|Publication number||US7092214 B2|
|Application number||US 10/229,591|
|Publication date||Aug 15, 2006|
|Filing date||Aug 27, 2002|
|Priority date||Aug 28, 2001|
|Also published as||CN1267896C, CN1547735A, US20030067720, US20050018356, US20070019333, US20070064346, WO2003022019A2, WO2003022019A3|
|Publication number||10229591, 229591, US 7092214 B2, US 7092214B2, US-B2-7092214, US7092214 B2, US7092214B2|
|Inventors||Manuel A. Hernandez|
|Original Assignee||Sae Magnetics (H.K.) Ltd.|
|Export Citation||BiBTeX, EndNote, RefMan|
|Patent Citations (11), Referenced by (2), Classifications (16), Legal Events (4)|
|External Links: USPTO, USPTO Assignment, Espacenet|
The present application claims priority to U.S. App. Ser. No. 60/316,154 filed on Aug. 28, 2001.
The present invention is directed to suspension designs in disk drives. More particularly, the present invention pertains to wireless suspension designs that may be used in multiple drive designs.
Hard disk drives that utilize magnetic read/write heads are well-known in the art. A common component of a hard disk drive is a head stack assembly (HSA). An HSA includes an actuator (which incorporates an E-block), a head gimbal assembly (HGA) and an actuator flex assembly. The flex assembly is a flex circuit that is typically attached to an integrated circuit chip that processes data read from the disk and data to be written to the disk. The actuator flex assembly is connected to the HGA. The end result for the HSA is that the magnetic head of the HGA is electrically connected to the integrated circuit chip.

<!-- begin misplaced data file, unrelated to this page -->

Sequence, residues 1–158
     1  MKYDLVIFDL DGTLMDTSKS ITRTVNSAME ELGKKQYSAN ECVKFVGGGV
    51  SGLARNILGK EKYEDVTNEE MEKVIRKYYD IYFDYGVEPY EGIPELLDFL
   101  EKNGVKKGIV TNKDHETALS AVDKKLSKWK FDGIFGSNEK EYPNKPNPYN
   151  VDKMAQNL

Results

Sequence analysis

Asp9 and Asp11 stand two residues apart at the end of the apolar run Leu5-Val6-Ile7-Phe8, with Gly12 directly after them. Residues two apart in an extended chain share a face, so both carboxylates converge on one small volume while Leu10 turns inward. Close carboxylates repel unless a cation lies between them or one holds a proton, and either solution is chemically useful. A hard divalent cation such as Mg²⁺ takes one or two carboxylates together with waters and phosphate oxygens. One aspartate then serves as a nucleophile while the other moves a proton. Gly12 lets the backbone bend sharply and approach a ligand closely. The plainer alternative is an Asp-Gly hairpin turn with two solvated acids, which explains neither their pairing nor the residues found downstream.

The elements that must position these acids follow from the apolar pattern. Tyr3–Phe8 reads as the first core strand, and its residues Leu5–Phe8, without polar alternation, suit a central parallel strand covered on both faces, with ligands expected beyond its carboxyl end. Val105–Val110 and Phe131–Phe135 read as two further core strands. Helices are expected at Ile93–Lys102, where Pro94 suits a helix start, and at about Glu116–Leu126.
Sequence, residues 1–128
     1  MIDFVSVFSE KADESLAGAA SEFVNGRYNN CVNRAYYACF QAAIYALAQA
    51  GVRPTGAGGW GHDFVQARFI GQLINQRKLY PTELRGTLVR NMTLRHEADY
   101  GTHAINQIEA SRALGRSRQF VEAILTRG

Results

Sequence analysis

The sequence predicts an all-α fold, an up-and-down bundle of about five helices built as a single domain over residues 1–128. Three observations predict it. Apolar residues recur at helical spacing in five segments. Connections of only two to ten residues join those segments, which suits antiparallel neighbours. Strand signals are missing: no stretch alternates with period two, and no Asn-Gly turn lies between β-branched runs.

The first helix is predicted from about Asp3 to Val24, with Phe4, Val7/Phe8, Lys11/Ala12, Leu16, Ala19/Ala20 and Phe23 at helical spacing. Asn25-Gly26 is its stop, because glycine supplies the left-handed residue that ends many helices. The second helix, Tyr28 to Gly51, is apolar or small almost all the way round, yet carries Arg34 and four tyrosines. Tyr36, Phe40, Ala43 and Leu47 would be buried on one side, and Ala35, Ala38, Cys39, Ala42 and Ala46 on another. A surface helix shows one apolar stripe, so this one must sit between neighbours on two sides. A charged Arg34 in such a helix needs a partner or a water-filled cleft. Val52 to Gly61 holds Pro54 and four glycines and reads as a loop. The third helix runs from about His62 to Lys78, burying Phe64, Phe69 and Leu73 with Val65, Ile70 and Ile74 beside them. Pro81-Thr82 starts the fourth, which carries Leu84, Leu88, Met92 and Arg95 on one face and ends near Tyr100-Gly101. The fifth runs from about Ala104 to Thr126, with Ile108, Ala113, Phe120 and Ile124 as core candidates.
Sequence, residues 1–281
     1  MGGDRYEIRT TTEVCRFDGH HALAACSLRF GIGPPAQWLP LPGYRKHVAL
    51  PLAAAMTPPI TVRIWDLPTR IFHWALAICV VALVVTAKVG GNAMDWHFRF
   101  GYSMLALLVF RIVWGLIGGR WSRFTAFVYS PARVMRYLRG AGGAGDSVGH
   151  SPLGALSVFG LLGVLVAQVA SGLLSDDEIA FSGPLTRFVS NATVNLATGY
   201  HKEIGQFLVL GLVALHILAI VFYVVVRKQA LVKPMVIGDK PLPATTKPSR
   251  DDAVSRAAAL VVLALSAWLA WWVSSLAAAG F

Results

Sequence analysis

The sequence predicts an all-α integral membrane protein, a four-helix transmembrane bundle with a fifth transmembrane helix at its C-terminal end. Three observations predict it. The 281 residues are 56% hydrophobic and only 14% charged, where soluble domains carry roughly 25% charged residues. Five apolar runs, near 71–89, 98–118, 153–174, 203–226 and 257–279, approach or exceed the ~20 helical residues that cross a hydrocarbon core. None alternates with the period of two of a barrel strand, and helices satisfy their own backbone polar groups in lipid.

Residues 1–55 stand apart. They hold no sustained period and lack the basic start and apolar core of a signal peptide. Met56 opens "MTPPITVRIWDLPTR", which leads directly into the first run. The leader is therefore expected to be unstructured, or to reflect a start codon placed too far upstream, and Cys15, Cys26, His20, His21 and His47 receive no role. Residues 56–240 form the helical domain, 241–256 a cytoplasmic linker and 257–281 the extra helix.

A typical HGA includes a magnetic read/write head that is attached to or incorporated into a slider (which typically include an air bearing surface to allow the head to “fly” over the moving disk). The slider is attached to a flexure, which provides support for the slider and controls the pitch and roll of the slider relative to the moving disk. The high speed rotation of a magnetic disk generates a stream of air flow or wind along its surface in a direction substantially parallel to the tangential velocity of the disk. The air flow cooperates with the ABS of the slider body which enables the slider to fly above the spinning disk. In effect, the suspended slider is physically separated from the disk surface through this self-actuating air bearing. The ABS of a slider is generally configured on the slider surface facing the rotating disk, and greatly influences its ability to fly over the disk under various conditions.